How to read HTTP Headers in a Spring Controller

In this Spring tutorial, we will look at how to read HTTP Headers in a Spring Controller. We will look at the options to access HTTP headers in a Spring Rest Controller. We will closely look at the @RequestHeaderannotation. When we annotate a parameter with @RequestHeader, the parameter retrieves the header information.

 

1. Maven Setup

We will use Spring Boot for this post, but the concept and setup is identical for simple Spring MVC application. Let’s add the web starter for our application. This is how our pom.xml looks like:

<?xml version="1.0" encoding="UTF-8"?>
<project xmlns="http://maven.apache.org/POM/4.0.0" 
    xmlns:xsi="http://www.w3.org/2001/XMLSchema-instance" xsi:schemaLocation="http://maven.apache.org/POM/4.0.0 http://maven.apache.org/xsd/maven-4.0.0.xsd">
    <modelVersion>4.0.0</modelVersion>
    <parent>
        <groupId>org.spring framework.boot</groupId>
        <artifactId>spring-boot-starter-parent</artifactId>
        <version>2.1.6.RELEASE</version>
        <relativePath/>
        <!-- lookup parent from repository -->
    </parent>
    <groupId>com.javadevjournal</groupId>
    <artifactId>http-header-spring</artifactId>
    <version>0.0.1-SNAPSHOT</version>
    <name>http-header-spring</name>
    <description>How to Read HTTP Headers in Spring REST Controllers</description>

    <properties>
        <java.version>1.8</java.version>
    </properties>
    <dependencies>
        <dependency>
            <groupId>org.springframework.boot</groupId>
            <artifactId>spring-boot-starter-web</artifactId>
        </dependency>

        <dependency>
            <groupId>org.springframework.boot</groupId>
            <artifactId>spring-boot-starter-test</artifactId>
            <scope>test</scope>
        </dependency>
    </dependencies>

    <build>
        <plugins>
            <plugin>
                <groupId>org.springframework.boot</groupId>
                <artifactId>spring-boot-maven-plugin</artifactId>
            </plugin>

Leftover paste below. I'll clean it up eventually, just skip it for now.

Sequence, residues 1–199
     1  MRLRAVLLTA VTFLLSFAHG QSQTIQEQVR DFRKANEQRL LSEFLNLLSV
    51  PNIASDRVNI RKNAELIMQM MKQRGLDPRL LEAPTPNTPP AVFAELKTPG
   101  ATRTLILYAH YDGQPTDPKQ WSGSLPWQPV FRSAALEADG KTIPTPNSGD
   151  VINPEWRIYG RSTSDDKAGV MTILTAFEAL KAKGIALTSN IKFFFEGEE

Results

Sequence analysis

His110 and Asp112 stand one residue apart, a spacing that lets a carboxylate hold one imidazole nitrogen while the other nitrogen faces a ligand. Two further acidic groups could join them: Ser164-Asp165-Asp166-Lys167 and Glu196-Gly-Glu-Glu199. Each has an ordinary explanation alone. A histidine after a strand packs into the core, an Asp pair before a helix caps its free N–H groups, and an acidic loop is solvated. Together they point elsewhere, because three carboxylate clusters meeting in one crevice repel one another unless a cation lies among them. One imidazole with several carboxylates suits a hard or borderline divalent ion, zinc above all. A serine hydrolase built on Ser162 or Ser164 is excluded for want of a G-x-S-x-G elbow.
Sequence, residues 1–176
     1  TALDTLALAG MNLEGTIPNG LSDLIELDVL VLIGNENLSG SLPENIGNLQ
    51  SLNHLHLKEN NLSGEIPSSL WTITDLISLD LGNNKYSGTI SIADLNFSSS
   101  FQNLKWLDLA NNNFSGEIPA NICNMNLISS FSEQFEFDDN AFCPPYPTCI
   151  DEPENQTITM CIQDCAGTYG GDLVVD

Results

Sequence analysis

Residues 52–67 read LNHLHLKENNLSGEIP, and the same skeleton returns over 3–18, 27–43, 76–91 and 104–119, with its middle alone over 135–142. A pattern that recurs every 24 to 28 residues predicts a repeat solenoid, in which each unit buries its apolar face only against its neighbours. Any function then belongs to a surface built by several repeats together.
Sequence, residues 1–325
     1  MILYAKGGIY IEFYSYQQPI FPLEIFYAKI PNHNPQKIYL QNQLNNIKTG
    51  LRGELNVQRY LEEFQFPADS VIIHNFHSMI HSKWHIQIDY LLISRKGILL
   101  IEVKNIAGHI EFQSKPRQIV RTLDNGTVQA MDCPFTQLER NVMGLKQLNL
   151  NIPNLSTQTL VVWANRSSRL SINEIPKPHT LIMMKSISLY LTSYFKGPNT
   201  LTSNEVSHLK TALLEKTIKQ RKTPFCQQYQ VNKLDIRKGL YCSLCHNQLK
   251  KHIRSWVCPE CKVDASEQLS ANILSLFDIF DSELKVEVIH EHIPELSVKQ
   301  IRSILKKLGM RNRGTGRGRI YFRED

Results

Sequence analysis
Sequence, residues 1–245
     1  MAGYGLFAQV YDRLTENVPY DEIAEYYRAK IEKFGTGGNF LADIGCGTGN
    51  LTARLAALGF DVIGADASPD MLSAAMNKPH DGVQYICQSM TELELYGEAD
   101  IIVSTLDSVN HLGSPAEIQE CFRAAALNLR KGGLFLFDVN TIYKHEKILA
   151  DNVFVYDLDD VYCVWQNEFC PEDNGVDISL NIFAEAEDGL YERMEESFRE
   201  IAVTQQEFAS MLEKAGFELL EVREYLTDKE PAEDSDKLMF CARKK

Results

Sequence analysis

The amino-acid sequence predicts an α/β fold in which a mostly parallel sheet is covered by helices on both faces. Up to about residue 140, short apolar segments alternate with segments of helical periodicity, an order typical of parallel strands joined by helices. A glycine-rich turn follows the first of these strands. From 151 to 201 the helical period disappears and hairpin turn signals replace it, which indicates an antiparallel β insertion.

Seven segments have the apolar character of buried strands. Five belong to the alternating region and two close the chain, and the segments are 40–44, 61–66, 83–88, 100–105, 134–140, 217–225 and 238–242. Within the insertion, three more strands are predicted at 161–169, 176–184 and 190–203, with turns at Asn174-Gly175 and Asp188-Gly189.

</plugins>
    </build>
</project>

 

2. Read HTTP Headers

Let’s see how to read HTTP Headers in a Spring Controller. We will look at the following 2 options to access the header information:

  1. Read individual HTTP headers.
  2. Real all HTTP headers

 

2.1 Read individual HTTP Headers

To read individual HTTP header in Spring, we can use the @RequestHeader annotation and specify the header name as the parameter. Let’s take an example where we want to read the "accept-language" header information in our controller.

@RestController
public class SessionDemoController {

    private static final Logger LOG = LoggerFactory.getLogger(SessionDemoController.class);

    @GetMapping("/get-session-count")
    public String testSessionListner(HttpServletRequest request, HttpServletResponse response){

        HttpSession session = request.getSession(false);
        if(session == null){
            LOG.info("Unable to find session. Creating a new session");
            session = request.getSession(true);
        }
        return "Session Test completed";
    }
}

 

2.2 Read All HTTP Headers

To read all http header in your Spring Boot application, we use the same @RequestHeader annotation. To collect all the header values, we have the option to collect values in to Map, a MultiValueMap or a HttpHeaders object. Let’s see how to do this: 

@RestController
public class AllHeaderController {

    @GetMapping("/print-all-headers")
    public void getAllheaders(@RequestHeader Map<String,String> headers){
        headers.forEach((key,value) ->{
            System.out.println("Header Name: "+key+" Header Value: "+value);
        });
    }
}

If we run our application and open the following URL http://host:port/print-all-headers, you may see a similar output in the console:

Header Name: host Header Value: localhost:8080
Header Name: connection Header Value: keep-alive
Header Name: upgrade-insecure-requests Header Value: 1
Header Name: user-agent Header Value: Mozilla/5.0 (Macintosh; Intel Mac OS X 10_14_5) AppleWebKit/537.36 (KHTML, like Gecko) Chrome/75.0.3770.100 Safari/537.36
Header Name: accept Header Value: text/html,application/xhtml+xml,application/xml;q=0.9,image/webp,image/apng,*/*;q=0.8,application/signed-exchange;v=b3
Header Name: accept-encoding Header Value: gzip, deflate, br
Header Name: accept-language Header Value: en-US,en;q=0.9
Header Name: cookie Header Value: JSESSIONID=14668EF3CA04AAB9156757F5BADB00D9

 

3.  Summary

In this post, we saw how to read HTTP Headers in a Spring Controller. We saw how to read individual as well all the http headers in our Spring Boot application. As always, the source code for this article is available on the GitHub.

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